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Cancer Res. 2001 Nov 15;61(22):8058-61.

In situ expression of interleukin-4 (IL-4) receptors in human brain tumors and cytotoxicity of a recombinant IL-4 cytotoxin in primary glioblastoma cell cultures.

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1
Laboratory of Molecular Tumor Biology, Division of Cellular and Gene Therapies, Food and Drug Administration, 29 Lincoln Drive MSC 4555, Bethesda, MD 20892-4555, USA.

Abstract

We have reported that human malignant glioma cell lines express high levels of plasma membrane interleukin-4 receptors (IL-4R). We have also reported that biopsy/surgical samples or primary explant cell cultures from brain tumors express mRNA and protein for the IL-4Ralpha chain, a primary IL-4-binding protein. However, whether IL-4R are expressed in brain tumors in situ has not been resolved. In addition, expression of IL-4R on the cell surface of various normal brain tissues is not known. We examined the expression of IL-4R by using a monoclonal antibody to the IL-4Ralpha chain (also known as IL-4R beta) in surgical/biopsy samples of brain tumor tissues by immunohistochemistry. Our data indicate that 15 of 18 glioblastoma multiforme (GBMs) tumors obtained from two different institutions and 12 other brain tumor samples are moderately to intensely positive for IL-4Ralpha. In contrast, although IL-4Ralpha mRNA was expressed, no IL-4R protein was detectable in two adult and one pediatric brain tissue specimens. In addition, a commercially available human neural tissue grid containing fixed tissues from various areas of brain showed no positive staining for the IL-4Ralpha chain. IL-4Ralpha expression was also demonstrated on astrocytoma grades I, II, and III. Because IL-4 cytotoxin comprised of a circularly permutated IL-4 and a mutated form of Pseudomonas exotoxin [IL4(38-37)-PE38KDEL] is cytotoxic to IL-4R-expressing cells, we tested whether primary GBM explant cell cultures are sensitive to IL-4 cytotoxin. Our data indicate that 13 of 15 GBM cell cultures were 25-74 times more sensitive to IL-4 cytotoxin compared with normal human astrocytes or the NT2 neuronal cell line. These observations indicate that human brain tumors in situ overexpress IL-4R compared with normal brain tissues, thus confirming our previous conclusions that IL-4R in brain tumors may serve as an attractive target for anticancer therapy.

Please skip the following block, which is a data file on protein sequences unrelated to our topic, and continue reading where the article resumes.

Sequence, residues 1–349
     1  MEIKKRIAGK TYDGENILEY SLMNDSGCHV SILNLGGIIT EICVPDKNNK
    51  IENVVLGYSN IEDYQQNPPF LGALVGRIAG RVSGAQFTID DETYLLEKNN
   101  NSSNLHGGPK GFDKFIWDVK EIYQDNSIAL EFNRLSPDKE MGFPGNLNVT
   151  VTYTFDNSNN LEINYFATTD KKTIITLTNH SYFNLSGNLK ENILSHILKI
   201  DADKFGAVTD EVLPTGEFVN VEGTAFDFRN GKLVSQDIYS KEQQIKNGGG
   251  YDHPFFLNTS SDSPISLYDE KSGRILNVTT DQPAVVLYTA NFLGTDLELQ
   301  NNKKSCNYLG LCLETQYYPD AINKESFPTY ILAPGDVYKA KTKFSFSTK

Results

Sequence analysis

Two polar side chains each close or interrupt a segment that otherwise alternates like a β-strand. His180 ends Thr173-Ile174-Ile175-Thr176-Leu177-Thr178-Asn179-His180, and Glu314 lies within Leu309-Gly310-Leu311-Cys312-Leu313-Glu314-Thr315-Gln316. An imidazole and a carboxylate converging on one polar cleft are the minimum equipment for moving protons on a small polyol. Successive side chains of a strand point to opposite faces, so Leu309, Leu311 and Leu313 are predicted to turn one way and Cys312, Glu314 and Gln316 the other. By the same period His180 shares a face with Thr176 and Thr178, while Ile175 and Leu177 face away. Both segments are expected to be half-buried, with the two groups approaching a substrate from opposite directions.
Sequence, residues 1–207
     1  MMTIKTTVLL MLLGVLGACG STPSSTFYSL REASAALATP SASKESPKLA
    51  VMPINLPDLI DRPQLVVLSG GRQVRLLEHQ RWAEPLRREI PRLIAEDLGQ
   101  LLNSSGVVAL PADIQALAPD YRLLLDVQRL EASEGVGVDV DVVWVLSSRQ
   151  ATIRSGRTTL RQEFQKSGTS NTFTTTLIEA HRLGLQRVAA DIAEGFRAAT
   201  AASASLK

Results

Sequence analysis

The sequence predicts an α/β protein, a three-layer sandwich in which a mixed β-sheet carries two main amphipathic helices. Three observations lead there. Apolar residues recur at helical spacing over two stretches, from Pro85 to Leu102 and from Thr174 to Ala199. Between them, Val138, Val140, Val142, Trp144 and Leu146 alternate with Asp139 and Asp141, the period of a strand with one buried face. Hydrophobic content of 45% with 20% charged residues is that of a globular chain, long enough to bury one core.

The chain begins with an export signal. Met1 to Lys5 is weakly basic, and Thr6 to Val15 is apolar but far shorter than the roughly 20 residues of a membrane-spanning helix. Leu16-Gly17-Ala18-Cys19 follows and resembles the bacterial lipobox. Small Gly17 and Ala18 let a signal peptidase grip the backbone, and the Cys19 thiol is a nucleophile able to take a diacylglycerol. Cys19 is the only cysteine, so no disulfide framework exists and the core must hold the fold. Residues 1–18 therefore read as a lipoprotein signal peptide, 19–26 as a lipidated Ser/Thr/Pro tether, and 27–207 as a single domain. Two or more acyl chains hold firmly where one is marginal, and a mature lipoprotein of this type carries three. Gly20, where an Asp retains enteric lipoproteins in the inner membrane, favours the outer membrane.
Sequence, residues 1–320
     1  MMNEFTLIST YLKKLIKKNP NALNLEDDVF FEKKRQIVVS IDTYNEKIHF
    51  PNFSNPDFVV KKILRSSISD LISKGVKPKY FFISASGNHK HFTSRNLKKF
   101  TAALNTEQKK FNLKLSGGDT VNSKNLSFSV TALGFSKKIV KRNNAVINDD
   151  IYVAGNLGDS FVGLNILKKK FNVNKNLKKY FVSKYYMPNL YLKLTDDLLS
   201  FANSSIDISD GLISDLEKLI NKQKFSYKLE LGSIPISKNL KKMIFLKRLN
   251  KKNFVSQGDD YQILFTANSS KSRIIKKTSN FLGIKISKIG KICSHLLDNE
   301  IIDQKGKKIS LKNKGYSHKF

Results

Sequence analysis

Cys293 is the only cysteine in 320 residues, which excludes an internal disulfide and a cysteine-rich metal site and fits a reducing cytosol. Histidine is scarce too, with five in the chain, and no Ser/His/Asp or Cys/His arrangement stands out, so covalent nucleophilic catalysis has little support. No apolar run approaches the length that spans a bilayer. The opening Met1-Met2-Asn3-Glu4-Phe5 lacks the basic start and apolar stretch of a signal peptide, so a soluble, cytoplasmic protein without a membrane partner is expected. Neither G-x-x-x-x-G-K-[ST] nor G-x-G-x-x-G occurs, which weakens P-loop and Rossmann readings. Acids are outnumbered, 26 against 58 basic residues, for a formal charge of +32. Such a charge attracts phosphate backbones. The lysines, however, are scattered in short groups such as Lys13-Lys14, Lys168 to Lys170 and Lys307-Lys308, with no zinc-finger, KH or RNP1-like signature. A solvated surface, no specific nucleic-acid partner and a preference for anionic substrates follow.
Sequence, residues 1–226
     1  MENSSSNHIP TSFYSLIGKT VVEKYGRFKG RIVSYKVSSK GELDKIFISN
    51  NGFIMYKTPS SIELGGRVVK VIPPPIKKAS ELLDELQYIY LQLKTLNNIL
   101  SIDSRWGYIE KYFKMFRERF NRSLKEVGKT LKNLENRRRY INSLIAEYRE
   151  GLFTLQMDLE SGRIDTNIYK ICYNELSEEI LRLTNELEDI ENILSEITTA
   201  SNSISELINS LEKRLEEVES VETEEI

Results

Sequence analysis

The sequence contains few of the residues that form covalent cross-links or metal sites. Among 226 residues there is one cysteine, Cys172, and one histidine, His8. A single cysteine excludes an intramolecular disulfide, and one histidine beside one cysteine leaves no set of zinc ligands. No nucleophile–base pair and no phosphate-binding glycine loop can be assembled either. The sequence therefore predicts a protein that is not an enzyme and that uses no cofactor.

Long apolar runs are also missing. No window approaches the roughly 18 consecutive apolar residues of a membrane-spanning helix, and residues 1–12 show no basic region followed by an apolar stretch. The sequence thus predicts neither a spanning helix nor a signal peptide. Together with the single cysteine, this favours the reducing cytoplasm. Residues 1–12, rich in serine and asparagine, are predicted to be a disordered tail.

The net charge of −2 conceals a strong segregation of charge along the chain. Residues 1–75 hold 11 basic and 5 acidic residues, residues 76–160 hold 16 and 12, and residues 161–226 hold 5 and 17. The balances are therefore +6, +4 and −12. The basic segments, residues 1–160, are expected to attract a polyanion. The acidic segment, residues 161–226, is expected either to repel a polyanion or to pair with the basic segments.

PMID:
11719427
[Indexed for MEDLINE]
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